Magnification in Paediatric Dentistry
13 Apr

Magnification in Paediatric Dentistry

The introduction of magnification into dentistry has followed decades behind the medical surgical fields.

Apotheker et al first reported the introduction of a single level magnification microscope into dentistry in 1981.  The fields of endodontics and periodontics pioneered the introduction of dental operating microscopes (DOMs) in the late 1980s, reporting the increase in surgical outcomes.  Surgical loupes with additional illuminating headlights were introduced to the dental profession as a norm in the 1990s.

The benefits of magnification include:

  • Improved visual acuity
  • Improved precision of treatment
  • Enhanced ergonomics
  • Improved patient care

The amount of visual information provided by magnification is the product of horizontal times the vertical number of pixels.  Table 1 summarises a comparison of unaided vision to magnification.

Unaided eye 1 x
2x loupes 4 x
3x loupes 9 x
4x loupes 16 x
5x microscope 25 x
10x microsope 100 x
20x microscope 400 x
Table 1.  Comparison of unaided eye and levels of magnification

The unaided eye with 20/20 vision is able to resolve two lines at 0.2mm apart.  Magnification of 4x (medium power loupes) allows a resolution of 0.05mm and at 10x magnification (Dental operating microscope DOM), the resolution is closer to 0.01 mm. Magnification beyond 6x allows a clinician to utilise their visual rather than tactile sense for examination, keeping in step with contemporary examination protocols.  Medical studies have demonstrated surgeons working with the unaided eye typically make movements of 1-2mm at a time.  At magnification levels of 20x (available in DOMs), there is a refinement in movement to 0.01 to 0.02mm allowing significantly increased surgical precision.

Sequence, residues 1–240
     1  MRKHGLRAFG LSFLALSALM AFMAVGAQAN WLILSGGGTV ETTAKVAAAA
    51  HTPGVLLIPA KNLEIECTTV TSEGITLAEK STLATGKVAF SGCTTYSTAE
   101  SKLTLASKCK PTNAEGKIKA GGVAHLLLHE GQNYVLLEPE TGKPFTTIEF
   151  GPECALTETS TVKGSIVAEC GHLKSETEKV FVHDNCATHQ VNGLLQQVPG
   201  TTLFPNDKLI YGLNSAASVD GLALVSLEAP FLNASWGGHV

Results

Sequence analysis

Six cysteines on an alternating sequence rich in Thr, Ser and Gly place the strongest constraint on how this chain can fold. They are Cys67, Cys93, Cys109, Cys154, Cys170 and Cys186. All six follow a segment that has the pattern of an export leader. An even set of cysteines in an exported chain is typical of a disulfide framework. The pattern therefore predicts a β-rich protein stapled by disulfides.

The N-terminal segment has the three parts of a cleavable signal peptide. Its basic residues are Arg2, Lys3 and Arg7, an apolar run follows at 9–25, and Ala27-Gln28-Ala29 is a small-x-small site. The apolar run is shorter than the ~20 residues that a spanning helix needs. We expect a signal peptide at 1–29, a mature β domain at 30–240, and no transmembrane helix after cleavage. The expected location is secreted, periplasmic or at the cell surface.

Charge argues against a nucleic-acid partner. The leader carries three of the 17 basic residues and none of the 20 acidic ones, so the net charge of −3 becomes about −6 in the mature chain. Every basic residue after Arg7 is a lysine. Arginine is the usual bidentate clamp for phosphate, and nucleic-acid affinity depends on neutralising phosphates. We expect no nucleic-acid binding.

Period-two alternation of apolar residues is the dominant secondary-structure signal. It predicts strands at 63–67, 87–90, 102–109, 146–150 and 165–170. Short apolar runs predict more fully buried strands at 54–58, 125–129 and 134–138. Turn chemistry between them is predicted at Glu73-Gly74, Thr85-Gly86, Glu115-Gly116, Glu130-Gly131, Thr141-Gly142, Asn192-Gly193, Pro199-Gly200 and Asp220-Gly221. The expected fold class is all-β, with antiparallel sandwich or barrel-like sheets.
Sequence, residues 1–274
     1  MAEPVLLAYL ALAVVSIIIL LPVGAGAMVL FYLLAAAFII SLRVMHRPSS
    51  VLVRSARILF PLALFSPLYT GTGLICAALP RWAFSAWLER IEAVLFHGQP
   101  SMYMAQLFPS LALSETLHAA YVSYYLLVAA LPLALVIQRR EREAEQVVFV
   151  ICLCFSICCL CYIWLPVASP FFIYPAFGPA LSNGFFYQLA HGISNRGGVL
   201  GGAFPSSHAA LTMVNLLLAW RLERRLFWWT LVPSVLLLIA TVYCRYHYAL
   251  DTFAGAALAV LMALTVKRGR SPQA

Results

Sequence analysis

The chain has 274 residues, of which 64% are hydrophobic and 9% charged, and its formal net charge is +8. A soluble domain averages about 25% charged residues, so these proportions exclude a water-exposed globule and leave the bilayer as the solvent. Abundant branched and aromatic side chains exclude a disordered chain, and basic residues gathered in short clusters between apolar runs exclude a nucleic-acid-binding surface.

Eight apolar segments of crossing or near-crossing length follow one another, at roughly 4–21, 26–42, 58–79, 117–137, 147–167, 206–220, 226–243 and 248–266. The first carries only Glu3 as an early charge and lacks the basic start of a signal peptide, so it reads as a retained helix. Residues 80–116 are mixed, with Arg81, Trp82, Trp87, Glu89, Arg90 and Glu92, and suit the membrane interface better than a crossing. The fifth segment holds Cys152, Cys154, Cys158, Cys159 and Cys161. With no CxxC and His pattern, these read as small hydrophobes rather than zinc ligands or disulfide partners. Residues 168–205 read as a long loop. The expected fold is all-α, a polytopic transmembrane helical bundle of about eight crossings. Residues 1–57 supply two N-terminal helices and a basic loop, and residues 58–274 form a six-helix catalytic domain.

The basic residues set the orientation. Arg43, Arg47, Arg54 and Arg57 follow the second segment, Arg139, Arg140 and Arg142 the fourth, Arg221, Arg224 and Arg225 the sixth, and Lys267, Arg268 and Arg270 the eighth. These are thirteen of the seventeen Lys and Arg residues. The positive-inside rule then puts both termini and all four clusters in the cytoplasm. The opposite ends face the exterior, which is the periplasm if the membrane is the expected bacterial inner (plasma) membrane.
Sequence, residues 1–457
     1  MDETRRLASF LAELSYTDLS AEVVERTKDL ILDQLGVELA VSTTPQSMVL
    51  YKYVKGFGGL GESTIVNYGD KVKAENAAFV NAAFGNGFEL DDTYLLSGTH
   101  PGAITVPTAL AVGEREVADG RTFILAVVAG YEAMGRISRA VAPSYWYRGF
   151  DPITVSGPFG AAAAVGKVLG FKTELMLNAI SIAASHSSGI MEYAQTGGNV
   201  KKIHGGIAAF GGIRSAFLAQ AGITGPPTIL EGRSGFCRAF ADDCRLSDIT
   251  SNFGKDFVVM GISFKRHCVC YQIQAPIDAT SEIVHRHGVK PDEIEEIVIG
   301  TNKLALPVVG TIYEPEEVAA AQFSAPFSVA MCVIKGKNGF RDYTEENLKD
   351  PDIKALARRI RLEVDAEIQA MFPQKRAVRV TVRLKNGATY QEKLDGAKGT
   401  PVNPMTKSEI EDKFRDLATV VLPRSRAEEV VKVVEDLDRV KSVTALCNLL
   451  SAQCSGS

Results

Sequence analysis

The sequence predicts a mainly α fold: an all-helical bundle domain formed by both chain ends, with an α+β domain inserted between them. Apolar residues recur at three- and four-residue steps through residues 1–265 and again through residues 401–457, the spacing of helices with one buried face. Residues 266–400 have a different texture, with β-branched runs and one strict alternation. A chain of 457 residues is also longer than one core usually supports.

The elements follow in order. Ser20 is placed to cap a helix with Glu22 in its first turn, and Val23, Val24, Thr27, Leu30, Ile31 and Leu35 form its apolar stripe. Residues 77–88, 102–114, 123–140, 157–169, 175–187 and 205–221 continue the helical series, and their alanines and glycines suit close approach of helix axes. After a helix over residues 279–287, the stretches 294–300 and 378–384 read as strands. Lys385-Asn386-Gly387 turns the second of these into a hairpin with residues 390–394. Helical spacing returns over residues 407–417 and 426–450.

The DOM also allows the clinician to sit in an upright neutral and balanced posture, decreasing the onset, degree and symptoms of back-related mucoskeletal problems common in dentistry.


Magnification by either loupes or a DOM provides benefit for the patient and clinician. The advantages include improved visibility and the potential for improved examination and surgical precision.  The ability to sit with an ergonomic posture is a significant advantage to the clinician.


  1. Magnification for dental procedures including examination and invasive clinical procedures is recommended.  This is in recognition of the benefit to the patient from the potential increased visuality and surgical precision of the operator.
  2. Magnification is recommended for the clinician to reduce the potential of back-related mucoskeletal dysfunction that could affect their professional health and well being.


van As GA. Use of the dental operating microscope in laser dentistry: Seeing the light. L Laser Dent 2007;15(3)122-29

Apotheker H et al: A microscope for use in dentistry. J Microsurg 1981

Baldissari P et al: Reliability of tactile perception using sharp and dull explorers in marginal opening identification. Int J Prosthodont 1998;11(6):591-4

Tibbetts et al: Current status of periodontal microsurgery. Curr Opin Periodontol 1996;3:118-25

Valachi B et al: Preventing mucoskeletal disorders in clinical dentistry: Strategies to address the mechanisms leading to mucoskeletal disorders. J Am Den Assoc 2003;134(12):1604-12

Tim Johnston, Paediatric Dentist, Perth. BDSc MDSc FRACDS FADI

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